James Smythe is author of the fabulous The Testimony, the review of which you can read here. He kindly agreed to answer some of my questions…
In the tradition of Twitter, describe yourself in 140 characters or less.
I’m a writer of books. I’ve had two released, and have got some more coming soon. Also, video games and teaching!
How excited were you to see copies of The Testimony on bookshop shelves?
Ludicrously. I bought the first copy I saw, in my local Waterstones. And then I went to the exceptional Manchester Arndale centre Waterstones, where they had a stand and a table with the book on, and I swear I thought I was going to hyperventilate.
Personally I think the hardback cover is rather sexy, do you like it and did you have any input into the design?
I love it. It’s a great cover, designed by an awesome designer called Dominic Forbes. There was some iteration, but the design is pretty much all his. I just said when I didn’t like a proposed colour, and we ended up with silver/magenta treat that it is now.
Where did the idea for The Testimony come from?
It was a very different novel when I started writing it: I was interested in the idea of how different religions can exist together, and how faith can be seen by some as something tangible, and it grew from there. And originally it ended with a race to some sort of new Holy Land, but it wasn’t doing what I wanted. I wanted a world with a void of something, rather than an abundance of it. So I went back to it and reworked it, and here we are today.
Why did you choose to tell the story through the eyes of 26 different characters?
I thought about talking-head documentaries, to begin with. The idea of people being interviewed on camera really intrigued me, especially knowing that they were therefore alive to tell the tale. Stick them in an apocalypse, let them tell their stories. And the number went up and down: characters got cut, new characters got added. It settled where it settled.
Which of the characters do you most identify with?
Ooh. Tough question. Except for her age and gender, Meredith Lieberstein, I’d say. Somewhere between her and Mark Kirkman. Not even sure why, but those are the ones I’d say I most associated with – and certainly the ones I found easiest to write.
Is it important that your writing raises questions or are you happy just to entertain?
I’m definitely more interested in story, as a reader and writer; but I love questions. I don’t think anything in life is clear-cut, and I don’t think it necessarily should be in fiction.
Why do you think end of the world stories are so popular right now?
I think we’re at a point where we’re totally tuned in to everything. The world in general is smaller than it’s ever been, in terms of communication; and yet we have access to so much more. I think it’s human nature to destroy things that get a bit scary and all-encompassing; that seems as good a reason as any.
What are you working on now?
I’ve got a novel out in January, called THE EXPLORER. It’s a more SF thing, about a lonely astronaut called Cormac, and there’s lots of death and twists in a very small spaceship.
Then, in April (probably) there’s another novel, which is (maybe) titled THE MACHINE. It’s about a treatment for PTSD that involves the deletion and subsequent creation of memories, and a woman whose husband undergoes that treatment. It’s probably darker than my other writing, I’d say.
And I’m currently working on a sequel, of sorts, to THE EXPLORER…
So I see you also design narrative for games. Is that as fun as it sounds?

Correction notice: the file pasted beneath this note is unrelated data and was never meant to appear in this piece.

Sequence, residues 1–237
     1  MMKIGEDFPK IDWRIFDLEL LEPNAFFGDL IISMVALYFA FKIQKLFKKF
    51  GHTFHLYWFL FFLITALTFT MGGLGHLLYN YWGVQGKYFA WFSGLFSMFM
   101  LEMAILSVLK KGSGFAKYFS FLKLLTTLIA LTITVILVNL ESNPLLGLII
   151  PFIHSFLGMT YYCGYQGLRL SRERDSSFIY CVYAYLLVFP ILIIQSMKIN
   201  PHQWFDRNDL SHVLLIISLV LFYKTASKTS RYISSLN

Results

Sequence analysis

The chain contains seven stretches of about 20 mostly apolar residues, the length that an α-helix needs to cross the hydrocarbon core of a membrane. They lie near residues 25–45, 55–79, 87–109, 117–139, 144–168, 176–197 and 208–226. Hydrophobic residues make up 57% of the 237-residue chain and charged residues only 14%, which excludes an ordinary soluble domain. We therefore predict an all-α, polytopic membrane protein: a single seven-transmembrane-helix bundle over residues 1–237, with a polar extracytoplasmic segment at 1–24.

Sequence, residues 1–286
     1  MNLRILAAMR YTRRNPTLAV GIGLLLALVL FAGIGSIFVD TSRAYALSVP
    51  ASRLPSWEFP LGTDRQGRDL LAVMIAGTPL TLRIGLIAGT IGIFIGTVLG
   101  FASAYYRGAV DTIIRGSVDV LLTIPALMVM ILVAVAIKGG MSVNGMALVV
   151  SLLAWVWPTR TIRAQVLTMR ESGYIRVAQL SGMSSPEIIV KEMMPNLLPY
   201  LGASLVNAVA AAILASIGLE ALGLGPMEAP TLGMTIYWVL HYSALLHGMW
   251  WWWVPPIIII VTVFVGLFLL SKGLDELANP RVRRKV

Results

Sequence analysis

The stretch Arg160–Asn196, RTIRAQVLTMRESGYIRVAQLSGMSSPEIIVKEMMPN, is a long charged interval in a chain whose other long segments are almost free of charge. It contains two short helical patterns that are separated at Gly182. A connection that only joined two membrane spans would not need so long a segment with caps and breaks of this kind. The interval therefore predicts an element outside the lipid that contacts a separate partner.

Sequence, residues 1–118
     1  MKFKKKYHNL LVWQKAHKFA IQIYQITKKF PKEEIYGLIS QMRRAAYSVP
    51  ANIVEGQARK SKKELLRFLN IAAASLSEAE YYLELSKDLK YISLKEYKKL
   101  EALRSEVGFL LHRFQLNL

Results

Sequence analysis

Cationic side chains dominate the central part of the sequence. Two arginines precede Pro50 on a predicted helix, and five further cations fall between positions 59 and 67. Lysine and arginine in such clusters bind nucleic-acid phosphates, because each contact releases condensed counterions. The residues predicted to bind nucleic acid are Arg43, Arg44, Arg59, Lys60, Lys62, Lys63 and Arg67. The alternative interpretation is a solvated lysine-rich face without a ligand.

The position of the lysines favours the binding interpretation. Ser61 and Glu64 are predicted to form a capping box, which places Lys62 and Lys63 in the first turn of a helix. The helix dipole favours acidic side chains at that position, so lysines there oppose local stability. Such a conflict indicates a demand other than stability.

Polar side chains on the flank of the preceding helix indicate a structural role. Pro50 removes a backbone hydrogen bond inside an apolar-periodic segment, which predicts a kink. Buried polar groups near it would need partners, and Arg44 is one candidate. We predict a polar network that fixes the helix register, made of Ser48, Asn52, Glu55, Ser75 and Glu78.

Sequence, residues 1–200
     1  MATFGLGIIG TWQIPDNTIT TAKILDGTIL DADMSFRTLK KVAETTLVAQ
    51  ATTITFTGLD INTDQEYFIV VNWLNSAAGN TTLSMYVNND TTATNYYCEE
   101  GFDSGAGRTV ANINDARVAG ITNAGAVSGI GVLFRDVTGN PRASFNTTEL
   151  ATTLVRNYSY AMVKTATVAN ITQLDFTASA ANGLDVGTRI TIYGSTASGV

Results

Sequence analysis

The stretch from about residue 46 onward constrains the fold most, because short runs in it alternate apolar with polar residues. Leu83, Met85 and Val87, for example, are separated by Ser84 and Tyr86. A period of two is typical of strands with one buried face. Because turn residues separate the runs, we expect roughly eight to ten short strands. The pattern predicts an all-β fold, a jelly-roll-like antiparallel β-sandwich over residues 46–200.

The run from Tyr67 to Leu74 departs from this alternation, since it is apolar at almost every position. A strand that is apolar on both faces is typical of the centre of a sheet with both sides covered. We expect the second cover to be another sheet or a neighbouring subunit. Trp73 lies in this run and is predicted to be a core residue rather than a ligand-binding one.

It’s great. It’s storytelling, dialogue-writing, designing levels, designing characters, making sure that the story works as well in the game as can be… I love it.
What’s on your to-be-read pile?
The pile is so large it dwarfs me, and I’m 6 foot 7. Top of the pile: Michael Chabon’s TELEGRAPH AVENUE, Laurent Binet’s HHhH, Iain Banks’ STONEMOUTH. They’re coming when I finish Naomi Wood’s exceptional THE GODLESS BOYS.
Also, I’m starting a project, where I’ll re-read every single Stephen King book in chronological order and write about them. I’ve read one, so far, and that’s going to be huge undertaking. (The blog to track my progress, incidentally, can be found at thesparrowsareflying.tumblr.com…)
In event of an apocalypse, what 5 things would you grab as you fled your home?
Assuming loved ones and pets are already out: Macbook Air (because there would be a story in it); Britta water filter (practical); Kindle (because it might get boring); Nintendo 3DS (because I might eventually run out of books); that packet of astronaut food I was given once (because it’ll never go off, and I might have a real hankering for dried strawberry ice-cream at some point).
Favourite type of cake?
Apple. My editor Laura actually gave me a culture to make a really good apple cake with the other day. I’m dead excited about the finished product.
What do you do when you’re not writing?
Honestly? Not much. The past couple of years I’ve written every single day of my life, to make it work with the job. I sit and eat biscuits and play games and walk the dog. Oh, and I’ve recently gotten really into coffee.
Would you like to share something interesting you’ve found online recently?
This is the story of Tarrare. It’s amazing and horrifying and weirdly funny, and I’m going to write something about him…
Where can your readers/stalkers find you online?
A big thanks to James for taking the time to chat. Now go read his book!
Subscribe via Email
Isn't lye something people use to dispose of bodies? And it's in hair products? https://t.co/LcBOb0jhfIFollow
Disappointed that this doesn't include intensive welly testing. The big question is are they gonna last? Otherwise… https://t.co/c24gSeJGHYFollow
I was terrified of pylons as a kid. And slurry pits, but slurry pits still scare me to be honest. Imagine drowning… https://t.co/qF8nVwrtUVFollow